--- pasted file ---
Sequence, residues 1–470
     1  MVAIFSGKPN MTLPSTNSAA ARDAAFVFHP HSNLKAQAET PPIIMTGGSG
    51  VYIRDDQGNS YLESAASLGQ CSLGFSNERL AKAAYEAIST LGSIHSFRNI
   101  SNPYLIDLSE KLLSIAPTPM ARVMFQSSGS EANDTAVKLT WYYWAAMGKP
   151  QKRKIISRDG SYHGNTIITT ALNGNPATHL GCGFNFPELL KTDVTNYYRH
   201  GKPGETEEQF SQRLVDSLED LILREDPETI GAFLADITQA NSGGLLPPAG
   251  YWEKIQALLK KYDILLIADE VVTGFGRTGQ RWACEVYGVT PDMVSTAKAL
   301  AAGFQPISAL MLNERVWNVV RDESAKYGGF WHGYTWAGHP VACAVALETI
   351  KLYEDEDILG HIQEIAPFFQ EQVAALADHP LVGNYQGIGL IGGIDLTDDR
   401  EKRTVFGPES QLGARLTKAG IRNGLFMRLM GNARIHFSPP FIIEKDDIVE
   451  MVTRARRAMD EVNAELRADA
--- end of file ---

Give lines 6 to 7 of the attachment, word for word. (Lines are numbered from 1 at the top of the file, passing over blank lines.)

   201  GKPGETEEQF SQRLVDSLED LILREDPETI GAFLADITQA NSGGLLPPAG
   251  YWEKIQALLK KYDILLIADE VVTGFGRTGQ RWACEVYGVT PDMVSTAKAL